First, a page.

Paper by Krithika Randhawa, Ralf Wilden Macquarie and Joel West: “Despite the increased research attention on crowdsourcing, we know little about why and how seeker organizations use this open innovation mechanism. Furthermore, previous studies have focused on profit-seeking firms, despite the use of open innovation practices by public sector organizations to achieve societal benefits. In this study, we investigate the organizational and project level choices of government (seekers) that crowdsource from citizens (solvers) to drive open social innovation, and thus develop new ways to address societal problems, a process referred to as “citizensourcing”.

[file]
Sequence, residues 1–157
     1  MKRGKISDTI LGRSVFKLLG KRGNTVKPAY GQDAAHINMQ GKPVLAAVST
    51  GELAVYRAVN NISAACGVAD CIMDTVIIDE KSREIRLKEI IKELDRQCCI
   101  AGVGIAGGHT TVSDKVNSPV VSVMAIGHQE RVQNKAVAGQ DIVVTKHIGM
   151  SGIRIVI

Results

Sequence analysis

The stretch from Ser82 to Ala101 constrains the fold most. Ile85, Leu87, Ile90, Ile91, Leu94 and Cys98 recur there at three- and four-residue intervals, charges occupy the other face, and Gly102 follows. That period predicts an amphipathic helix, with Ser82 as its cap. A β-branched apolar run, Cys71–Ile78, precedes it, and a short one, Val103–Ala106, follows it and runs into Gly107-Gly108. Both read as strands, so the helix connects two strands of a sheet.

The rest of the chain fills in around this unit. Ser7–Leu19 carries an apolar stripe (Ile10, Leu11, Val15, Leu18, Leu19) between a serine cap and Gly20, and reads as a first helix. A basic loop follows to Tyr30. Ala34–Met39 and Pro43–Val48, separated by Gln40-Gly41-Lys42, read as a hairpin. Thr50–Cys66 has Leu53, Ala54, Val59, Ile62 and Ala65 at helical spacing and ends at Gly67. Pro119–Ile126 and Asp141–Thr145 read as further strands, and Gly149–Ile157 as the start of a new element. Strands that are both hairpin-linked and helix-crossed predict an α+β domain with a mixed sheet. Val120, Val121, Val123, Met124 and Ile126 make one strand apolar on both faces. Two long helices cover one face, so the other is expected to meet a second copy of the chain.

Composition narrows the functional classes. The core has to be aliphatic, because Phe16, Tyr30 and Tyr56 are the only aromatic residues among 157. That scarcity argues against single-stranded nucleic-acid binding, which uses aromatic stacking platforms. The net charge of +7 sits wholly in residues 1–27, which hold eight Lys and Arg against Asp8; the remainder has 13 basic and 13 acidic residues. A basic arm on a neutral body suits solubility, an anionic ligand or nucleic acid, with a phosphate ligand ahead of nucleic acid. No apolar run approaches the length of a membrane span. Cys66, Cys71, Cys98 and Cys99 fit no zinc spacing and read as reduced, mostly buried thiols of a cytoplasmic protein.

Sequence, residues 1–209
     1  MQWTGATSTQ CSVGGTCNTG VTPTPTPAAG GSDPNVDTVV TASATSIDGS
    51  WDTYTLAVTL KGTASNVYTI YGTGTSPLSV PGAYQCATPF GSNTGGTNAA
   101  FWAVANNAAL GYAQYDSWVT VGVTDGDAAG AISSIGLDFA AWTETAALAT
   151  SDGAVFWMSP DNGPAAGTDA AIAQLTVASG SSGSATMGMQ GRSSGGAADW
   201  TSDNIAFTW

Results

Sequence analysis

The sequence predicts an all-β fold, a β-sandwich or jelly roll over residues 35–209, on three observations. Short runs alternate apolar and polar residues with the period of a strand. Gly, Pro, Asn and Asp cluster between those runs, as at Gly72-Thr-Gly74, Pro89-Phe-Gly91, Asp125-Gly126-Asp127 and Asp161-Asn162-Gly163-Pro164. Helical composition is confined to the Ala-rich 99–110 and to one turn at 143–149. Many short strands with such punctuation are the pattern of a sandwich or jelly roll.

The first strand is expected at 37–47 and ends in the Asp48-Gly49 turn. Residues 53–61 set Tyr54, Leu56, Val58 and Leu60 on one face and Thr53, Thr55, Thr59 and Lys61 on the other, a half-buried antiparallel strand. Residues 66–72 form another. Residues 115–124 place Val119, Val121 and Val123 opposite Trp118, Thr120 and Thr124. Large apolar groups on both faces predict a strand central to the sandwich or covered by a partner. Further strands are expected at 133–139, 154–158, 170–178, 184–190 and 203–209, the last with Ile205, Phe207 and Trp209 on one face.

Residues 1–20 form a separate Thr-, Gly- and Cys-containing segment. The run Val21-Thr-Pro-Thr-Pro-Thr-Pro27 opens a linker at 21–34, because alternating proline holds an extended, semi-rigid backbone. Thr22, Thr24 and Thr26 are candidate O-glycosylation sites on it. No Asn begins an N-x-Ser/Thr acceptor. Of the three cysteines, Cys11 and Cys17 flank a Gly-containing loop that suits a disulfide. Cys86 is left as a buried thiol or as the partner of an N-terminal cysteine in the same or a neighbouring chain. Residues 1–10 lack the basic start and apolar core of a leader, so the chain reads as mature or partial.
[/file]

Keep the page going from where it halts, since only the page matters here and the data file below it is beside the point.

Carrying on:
Using a dataset of 18 local government seekers that use the same intermediary to conduct more than 2,000 crowdsourcing projects, we develop a model of seeker crowdsourcing implementation that links a previously-unstudied variance in seeker intent and engagement strategies, at the organizational level, to differences in project team motivation and capabilities, in turn leading to varying online engagement behaviors and ultimately project outcomes. Comparing and contrasting governmental with the more familiar corporate context, we further find that the non-pecuniary orientation of both seekers and solvers means that the motives of government crowdsourcing differ fundamentally from corporate crowdsourcing, but that the process more closely resembles a corporate-sponsored community rather than government-sponsored contests. More broadly, we offer insights on how seeker organizational factors and choices shape project-level implementation and success of crowdsourcing efforts, as well as suggest implications for open innovation activities of other smaller, geographicallybound organizations….(More)”.